The goods: Restaurant titan Jeffrey Chodorow continues to put Miami on the culinary map with the opening of his much buzzed about Asia de Cuba at the Mondrian Hotel. Adding to his restaurant roster of Kobe Club, China Grills and Blue Door, this outpost of trendy cocktails and fusion cuisine is the sixth in Chodorow’s portfolio. Designed by Marcel Wanders, the white-on-white dining room is located in the lobby of the scene-heavy hotel with an aesthetic credo that can be summed up as Sleeping Beauty on acid. The centerpiece of the dining room is the marble communal table — outfitted with oversized chandeliers and high-backed chairs, it’s one of the most dramatic private dining tables in the city. The outdoor patio offers al fresco seating and dazzling bay views, in addition to more of Wanders’s whimsical furniture and oversize cabanas.
The grub: Asian-Latin fusion at its most haute. There’s plenty of ethnic comingling on the menu, with sweet and savory concoctions marrying ingredients indigenous to both Cuban and Chinese palates. The menu is pitched to the hip and affluent and, like most restaurants on the China Grill roster, portions are served family-style and thus priced to share. Starters average $20 and mains range $36-$79. If you stick to the restaurant’s ordering formula – 2 people = 2 appetizers, 1 entrée, 1 side – you should emerge with a relatively reasonable check and a satisfying feast.
Start off with the “tunapica,” a tuna tartar seasoned with black olives, currants, almonds and served on a tower of fried wontons. The braised beef spring rolls served with black bean papaya salsa are also a fitting preview for the bold fare to come. Entrees like the grilled strip steak are big enough for two and come heaped with logs of chickpea fries and a palate-refreshing melon slaw. Fish dishes include a miso-glazed cod accompanied by a colorful edamame and black bean salad and an ahi tuna with wasabi mash and chimichurri sauce. Looking for a splurge? Go for the lobster “mai tai” bathed in rum, coconut and red curry sauce. Generous sides like the lobster-boniato mash and plantain fired rice with avocado salad offer inventive combinations on starch-heavy staples.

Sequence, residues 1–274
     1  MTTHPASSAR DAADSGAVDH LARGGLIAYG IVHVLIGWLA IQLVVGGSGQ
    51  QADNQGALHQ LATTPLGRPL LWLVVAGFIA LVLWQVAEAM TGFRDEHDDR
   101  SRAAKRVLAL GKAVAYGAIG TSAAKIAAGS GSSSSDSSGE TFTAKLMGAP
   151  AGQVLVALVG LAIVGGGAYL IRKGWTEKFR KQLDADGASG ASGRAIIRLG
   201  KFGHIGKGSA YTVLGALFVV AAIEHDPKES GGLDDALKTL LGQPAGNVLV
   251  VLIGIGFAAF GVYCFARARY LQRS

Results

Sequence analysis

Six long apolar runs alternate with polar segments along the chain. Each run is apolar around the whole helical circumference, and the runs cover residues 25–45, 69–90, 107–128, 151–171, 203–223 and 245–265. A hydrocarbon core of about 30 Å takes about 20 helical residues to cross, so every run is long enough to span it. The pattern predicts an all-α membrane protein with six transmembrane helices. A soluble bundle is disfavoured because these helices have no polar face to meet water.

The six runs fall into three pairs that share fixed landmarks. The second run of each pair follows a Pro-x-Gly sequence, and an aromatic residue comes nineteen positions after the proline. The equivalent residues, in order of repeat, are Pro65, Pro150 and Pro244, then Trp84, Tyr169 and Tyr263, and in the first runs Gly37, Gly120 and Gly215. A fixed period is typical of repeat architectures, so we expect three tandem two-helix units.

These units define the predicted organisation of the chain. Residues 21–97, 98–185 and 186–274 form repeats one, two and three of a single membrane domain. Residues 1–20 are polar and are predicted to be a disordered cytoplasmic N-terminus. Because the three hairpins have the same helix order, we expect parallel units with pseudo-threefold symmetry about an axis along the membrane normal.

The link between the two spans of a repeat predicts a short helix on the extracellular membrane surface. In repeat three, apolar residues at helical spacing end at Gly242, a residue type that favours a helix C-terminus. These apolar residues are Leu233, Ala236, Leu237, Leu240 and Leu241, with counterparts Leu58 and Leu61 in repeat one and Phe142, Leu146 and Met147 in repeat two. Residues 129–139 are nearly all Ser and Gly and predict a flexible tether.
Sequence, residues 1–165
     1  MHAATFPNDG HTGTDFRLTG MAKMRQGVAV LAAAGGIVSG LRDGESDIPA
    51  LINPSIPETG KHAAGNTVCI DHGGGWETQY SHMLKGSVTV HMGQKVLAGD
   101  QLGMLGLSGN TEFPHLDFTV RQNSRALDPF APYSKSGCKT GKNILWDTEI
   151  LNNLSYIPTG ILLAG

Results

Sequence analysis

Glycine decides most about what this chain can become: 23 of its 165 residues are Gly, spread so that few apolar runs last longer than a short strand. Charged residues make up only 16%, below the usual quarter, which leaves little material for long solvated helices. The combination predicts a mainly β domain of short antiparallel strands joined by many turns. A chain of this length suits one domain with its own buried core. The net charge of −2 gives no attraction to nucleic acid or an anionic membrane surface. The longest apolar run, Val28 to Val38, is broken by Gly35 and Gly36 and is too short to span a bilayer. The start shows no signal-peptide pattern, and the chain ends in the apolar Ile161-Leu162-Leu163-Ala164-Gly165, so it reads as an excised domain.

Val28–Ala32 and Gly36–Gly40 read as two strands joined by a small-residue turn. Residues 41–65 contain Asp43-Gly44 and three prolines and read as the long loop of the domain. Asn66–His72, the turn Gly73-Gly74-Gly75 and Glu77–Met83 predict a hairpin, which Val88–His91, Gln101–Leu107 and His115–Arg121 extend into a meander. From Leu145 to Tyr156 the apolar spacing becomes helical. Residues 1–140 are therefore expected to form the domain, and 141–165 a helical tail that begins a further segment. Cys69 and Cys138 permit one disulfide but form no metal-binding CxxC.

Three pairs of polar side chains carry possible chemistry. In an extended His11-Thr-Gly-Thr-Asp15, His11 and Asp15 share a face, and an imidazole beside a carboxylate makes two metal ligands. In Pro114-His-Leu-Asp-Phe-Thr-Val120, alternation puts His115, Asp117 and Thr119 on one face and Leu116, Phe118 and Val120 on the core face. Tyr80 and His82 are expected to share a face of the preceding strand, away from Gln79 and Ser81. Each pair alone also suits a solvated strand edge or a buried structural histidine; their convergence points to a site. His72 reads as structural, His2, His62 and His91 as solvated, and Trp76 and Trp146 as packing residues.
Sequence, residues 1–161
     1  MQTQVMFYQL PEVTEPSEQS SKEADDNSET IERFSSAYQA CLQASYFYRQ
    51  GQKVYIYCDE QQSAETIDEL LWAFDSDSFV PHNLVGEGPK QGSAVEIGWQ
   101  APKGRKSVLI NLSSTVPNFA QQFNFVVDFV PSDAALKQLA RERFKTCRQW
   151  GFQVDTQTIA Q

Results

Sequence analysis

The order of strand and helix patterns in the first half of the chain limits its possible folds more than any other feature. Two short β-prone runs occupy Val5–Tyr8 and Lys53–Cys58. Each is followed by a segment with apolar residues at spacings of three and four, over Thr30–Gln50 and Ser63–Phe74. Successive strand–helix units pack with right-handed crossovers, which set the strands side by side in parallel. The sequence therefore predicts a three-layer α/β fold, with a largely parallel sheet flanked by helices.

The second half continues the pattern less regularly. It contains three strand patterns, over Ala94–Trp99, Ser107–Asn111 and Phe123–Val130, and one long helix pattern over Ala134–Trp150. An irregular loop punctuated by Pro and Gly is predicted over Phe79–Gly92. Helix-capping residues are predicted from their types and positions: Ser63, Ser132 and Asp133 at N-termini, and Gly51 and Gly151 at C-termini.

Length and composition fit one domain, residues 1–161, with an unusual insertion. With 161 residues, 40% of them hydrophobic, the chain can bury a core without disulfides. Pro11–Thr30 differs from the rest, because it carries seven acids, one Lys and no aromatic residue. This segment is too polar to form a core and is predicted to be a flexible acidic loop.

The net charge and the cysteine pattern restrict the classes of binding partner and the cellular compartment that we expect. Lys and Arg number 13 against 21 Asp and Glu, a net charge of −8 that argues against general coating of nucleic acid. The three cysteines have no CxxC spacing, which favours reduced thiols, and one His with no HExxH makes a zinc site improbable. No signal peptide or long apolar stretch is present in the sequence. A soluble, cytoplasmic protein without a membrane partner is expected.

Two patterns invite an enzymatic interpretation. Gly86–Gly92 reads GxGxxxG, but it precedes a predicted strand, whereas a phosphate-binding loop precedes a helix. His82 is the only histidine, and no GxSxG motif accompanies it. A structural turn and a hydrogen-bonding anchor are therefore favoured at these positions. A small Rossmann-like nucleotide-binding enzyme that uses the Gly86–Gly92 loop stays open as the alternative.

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Desserts aim to please by offering mammoth portions of crowd-pleasing fare like a multi-layered coconut cake with coconut ice cream and Caribbean carrot cake with pineapple and Asian pear served with lemongrass-black currant ice cream.
The verdict: The hip and hungry in Miami now have a stylish outpost to sample New York’s popular Latin-fusion cuisine.
Asia de Cuba, 1100 West Ave, 305-514-1940. Breakfast daily 7-11:30 a.m. Lunch daily 11:30 a.m.- 3 p.m. Dinner Sunday-Thursday 6-11 p.m., Friday-Saturday: 6-midnight